Intellectual property rights and copyright infringement synonyms

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Part of speech:
To protect (a book, song, print, etc.) by copyright
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(legal term) (legal term) Protecting Intellectual Property Rights (IPR) from abuse is as important for companies today as is ­protecting computer networks from crackers. Infringement can cost millions of dollars of lost revenues to entertainment companies and computer companies alike. For this reason, the Digital Millennium Copyright Act (DMCA) was passed in October 1998 in the United States. This Act’s purpose was to implement global copyright laws to deal with the Intellectual Property Rights challenges caused by present-day digital technology. In particular, the DMCA provided protections against technical measures that could be used to disable or bypass the encryption devices used to protect copyright, thereby encouraging authors of copyrighted material to place their work on the Internet in a digitalized presentation. The DMCA penalties were to be applied to any individual who attempted to or was successful in disabling an encryption device that protected copyrighted material. Stated simply, Intellectual Property infringement is theft—the taking of something that does not belong to the perpetrator of the encryption bypass and thereby depriving the true copyright owners of royalties for the sale of their human mind products. Reports of a case of IPR infringement surfaced on May 22, 2005. Counterfeiters in Beijing, China, were selling illegally copied DVDs of the Star Wars: Episode III: Revenge of the Sith movie just days after the film opened in theaters in North America. The price charged for the pirated movies, sold from vendors wearing shoulder bags on the streets of Beijing, was a mere $3.05. The street sales occurred despite numerous Chinese government promises to clamp down on the thriving black market industry that movie companies have argued cost them billions of dollars in lost revenue yearly. About 9,000 cases of piracy were brought to court in China in 2004. Associated Press. Entertainment: Counterfeiters Move Fast On Illegal Star Wars DVD. The Globe and Mail, May 23, 2005, p. B7; Schell, B.H. and Martin, C. Contemporary World Issues Series: Cybercrime: A Reference Handbook. Santa Barbara, CA: ABC-CLIO, 2004.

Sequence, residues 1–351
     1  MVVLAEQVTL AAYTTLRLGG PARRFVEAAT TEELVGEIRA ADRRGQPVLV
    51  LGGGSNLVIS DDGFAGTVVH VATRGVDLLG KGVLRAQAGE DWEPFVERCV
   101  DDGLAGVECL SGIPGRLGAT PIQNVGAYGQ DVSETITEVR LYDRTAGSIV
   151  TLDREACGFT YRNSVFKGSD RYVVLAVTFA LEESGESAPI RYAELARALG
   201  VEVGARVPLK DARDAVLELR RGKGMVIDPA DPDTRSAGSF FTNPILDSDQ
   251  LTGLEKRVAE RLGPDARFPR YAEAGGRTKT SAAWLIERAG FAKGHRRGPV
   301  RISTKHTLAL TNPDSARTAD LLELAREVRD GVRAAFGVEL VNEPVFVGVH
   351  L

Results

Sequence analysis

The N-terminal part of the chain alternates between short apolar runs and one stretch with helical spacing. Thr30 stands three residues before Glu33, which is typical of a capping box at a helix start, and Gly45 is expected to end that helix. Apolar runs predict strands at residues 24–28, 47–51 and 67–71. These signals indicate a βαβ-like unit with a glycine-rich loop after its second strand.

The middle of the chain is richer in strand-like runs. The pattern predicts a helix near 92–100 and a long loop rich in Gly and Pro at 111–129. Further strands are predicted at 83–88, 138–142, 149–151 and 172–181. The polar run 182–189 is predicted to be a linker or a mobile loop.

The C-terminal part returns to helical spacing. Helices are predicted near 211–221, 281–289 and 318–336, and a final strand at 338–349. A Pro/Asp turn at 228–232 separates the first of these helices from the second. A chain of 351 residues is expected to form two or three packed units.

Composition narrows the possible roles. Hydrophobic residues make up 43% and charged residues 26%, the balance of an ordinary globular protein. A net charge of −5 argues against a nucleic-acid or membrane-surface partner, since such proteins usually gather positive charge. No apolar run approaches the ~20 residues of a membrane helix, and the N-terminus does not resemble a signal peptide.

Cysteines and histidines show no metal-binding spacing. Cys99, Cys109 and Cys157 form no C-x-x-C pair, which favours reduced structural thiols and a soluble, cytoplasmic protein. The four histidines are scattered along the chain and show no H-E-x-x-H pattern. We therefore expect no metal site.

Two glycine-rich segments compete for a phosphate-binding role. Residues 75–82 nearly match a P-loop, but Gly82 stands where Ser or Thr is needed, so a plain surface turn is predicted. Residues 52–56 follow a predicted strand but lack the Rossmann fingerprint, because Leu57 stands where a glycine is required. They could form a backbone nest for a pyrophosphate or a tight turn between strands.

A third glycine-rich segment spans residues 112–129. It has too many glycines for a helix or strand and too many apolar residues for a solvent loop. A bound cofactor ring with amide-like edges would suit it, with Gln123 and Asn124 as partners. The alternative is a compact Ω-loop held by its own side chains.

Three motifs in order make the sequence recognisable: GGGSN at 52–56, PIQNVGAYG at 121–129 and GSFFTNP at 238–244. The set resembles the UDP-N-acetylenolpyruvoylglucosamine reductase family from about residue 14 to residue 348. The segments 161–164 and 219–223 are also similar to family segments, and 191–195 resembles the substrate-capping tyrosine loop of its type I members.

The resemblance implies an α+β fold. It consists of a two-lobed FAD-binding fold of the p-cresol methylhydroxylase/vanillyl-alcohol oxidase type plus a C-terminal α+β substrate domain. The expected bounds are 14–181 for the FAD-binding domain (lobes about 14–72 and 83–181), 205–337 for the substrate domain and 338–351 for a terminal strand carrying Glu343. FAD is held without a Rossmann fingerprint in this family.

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(legal term) (legal term) Protecting Intellectual Property Rights (IPR) from abuse is as important for companies today as is ­protecting computer networks from crackers. Infringement can cost millions of dollars of lost revenues to entertainment companies and computer companies alike. For this reason, the Digital Millennium Copyright Act (DMCA) was passed in October 1998 in the United States. This Act’s purpose was to implement global copyright laws to deal with the Intellectual Property Rights challenges caused by present-day digital technology. In particular, the DMCA provided protections against technical measures that could be used to disable or bypass the encryption devices used to protect copyright, thereby encouraging authors of copyrighted material to place their work on the Internet in a digitalized presentation. The DMCA penalties were to be applied to any individual who attempted to or was successful in disabling an encryption device that protected copyrighted material. Stated simply, Intellectual Property infringement is theft—the taking of something that does not belong to the perpetrator of the encryption bypass and thereby depriving the true copyright owners of royalties for the sale of their human mind products. Reports of a case of IPR infringement surfaced on May 22, 2005. Counterfeiters in Beijing, China, were selling illegally copied DVDs of the Star Wars: Episode III: Revenge of the Sith movie just days after the film opened in theaters in North America. The price charged for the pirated movies, sold from vendors wearing shoulder bags on the streets of Beijing, was a mere $3.05. The street sales occurred despite numerous Chinese government promises to clamp down on the thriving black market industry that movie companies have argued cost them billions of dollars in lost revenue yearly. About 9,000 cases of piracy were brought to court in China in 2004. Associated Press. Entertainment: Counterfeiters Move Fast On Illegal Star Wars DVD. The Globe and Mail, May 23, 2005, p. B7; Schell, B.H. and Martin, C. Contemporary World Issues Series: Cybercrime: A Reference Handbook. Santa Barbara, CA: ABC-CLIO, 2004.